Here is my check list for your most common gas grill lighting
Not all of these will apply to you, but I tried to cover the most common problems.
1) Check your tank. Is it empty or nearly empty? The
tare weight (T.W.) of your cylinder is stamped on the collar. This is
the weight of your empty cylinder, usually around 18 lbs. Weigh it on
your bathroom scale
Propane weighs 4.25 lbs/gal. If it weighs around 20
lbs or less - Refill it. If not,
go to #2.
2) Make sure you
didn't turn the gas tank valve on too fast. Some gas hoses have a
built-in excess flow valve that stops the flow of gas to a trickle if
opened too fast. Close the tank valve and let sit for a few minutes. Or
just disconnect it and reconnect it. Turn the tank valve very slowly and
then try lighting it again. If it doesn't help, go to #3.
the igniter sparking? Some are battery
powered-check the battery or
replace it. If you have a standard push button piezzo igniter or a
igniter, check for spark. Can you hear or see the spark?
It's hard to see the spark in bright daylight. It's easier to view the
spark at dusk or dawn. It should spark an "arc" at the burner. If not,
adjust it if necessary. The igniter wire may have a short, causing the
spark to arc somewhere else along the wire and not at the burner.
Replace igniter wire. It's also possible the igniter tip where it sparks
has a cracked or broken porcelain portion of the igniter, causing the
spark to not arc at the tip where it's supposed to. Replace the igniter
piece. If not, go to #4.
4) You may have a rusted, clogged or
damaged burner or venturi tube. With a flashlight, check for spider
webs, wasp nests or dirt (mud) dauber nests in the opening of the
venturi tube where it connects at each gas valve orifice. Clean it out
manually or blow it out with air compressor. Make sure the air
adjustment opening (on the end of the burner's venturi tube) has not
been changed. If it's closed too much, it will be difficult to light and
cause lazy yellow flames. If it's not clogged, the burner may just be
old and rusted and the burner holes are not allowing very much gas
through anymore. It's also possible the burner has rusted so bad, the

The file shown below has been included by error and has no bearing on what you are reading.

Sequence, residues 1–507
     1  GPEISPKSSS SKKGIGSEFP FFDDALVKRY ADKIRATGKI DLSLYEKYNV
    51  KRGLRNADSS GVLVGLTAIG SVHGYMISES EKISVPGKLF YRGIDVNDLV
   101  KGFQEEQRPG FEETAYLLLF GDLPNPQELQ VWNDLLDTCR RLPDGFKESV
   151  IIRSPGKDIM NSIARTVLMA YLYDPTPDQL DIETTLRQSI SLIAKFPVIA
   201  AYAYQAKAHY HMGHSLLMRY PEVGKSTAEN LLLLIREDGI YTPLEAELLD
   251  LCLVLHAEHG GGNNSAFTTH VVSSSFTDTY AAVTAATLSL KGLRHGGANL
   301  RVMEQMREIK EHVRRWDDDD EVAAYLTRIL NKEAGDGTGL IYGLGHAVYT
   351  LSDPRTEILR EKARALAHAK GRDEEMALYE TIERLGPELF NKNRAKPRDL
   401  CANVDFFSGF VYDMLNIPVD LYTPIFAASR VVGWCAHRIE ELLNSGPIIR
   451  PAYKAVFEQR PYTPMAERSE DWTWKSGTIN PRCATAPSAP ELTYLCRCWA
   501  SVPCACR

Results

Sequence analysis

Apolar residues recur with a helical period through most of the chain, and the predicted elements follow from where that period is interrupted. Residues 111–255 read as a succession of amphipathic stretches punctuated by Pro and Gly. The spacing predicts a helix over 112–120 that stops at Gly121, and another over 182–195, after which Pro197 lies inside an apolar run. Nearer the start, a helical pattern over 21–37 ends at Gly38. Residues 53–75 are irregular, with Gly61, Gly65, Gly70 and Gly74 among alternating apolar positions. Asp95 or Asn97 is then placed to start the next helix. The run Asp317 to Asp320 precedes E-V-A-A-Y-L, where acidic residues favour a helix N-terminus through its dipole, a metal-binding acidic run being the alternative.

burner holes have been enlarged, it is falling apart or has cracks along
the burner seams. If so, replace the burner(s) immediately. It is
unsafe to use. Your local propane co can usually order the parts you
need and some will even do the work, if you are uncomfortable doing it
yourself. Bring with you the Make, Model and Serial number of the grill,
so they can order the correct parts for your specific grill. Also
specify whether it's natural gas
5) If none of these
resolve the issues you are having, it is also possible you have a faulty
or defective regulator, which may mean replacement. If the pressure
still seems too low and none of the above has helped, and you have a
silver/gray regulator; many have an adjustment screw on the top center
of the diaphragm. Remove the outer cap and turn the inside screw
clockwise in 1/4 turns to increase the pressure until the desired flame
size is accomplished. Flames should be as blue as possible, but will
burn orange if there is food or drippings on it. Yellow flames are not
good, and will soot up everything and not cook as hot as blue flames do.
Yellow flames could mean you do not have the right air shutter
adjustment, clogged burners, or possibly defective burners, as mentioned
above in #4.
6) Also make sure you have the hose connection
tightened snugly to the propane tank valve to ensure the inner valve
seat is fully depressed allowing gas to exit fully without any
restriction. The black plastic female fitting should be hand tightened
only. Older versions that use a left-hand male brass POL valve, requires
a 7/8 open end wrench or adjustable wrench to tighten.
helps! Good luck in your trouble shooting! Douglas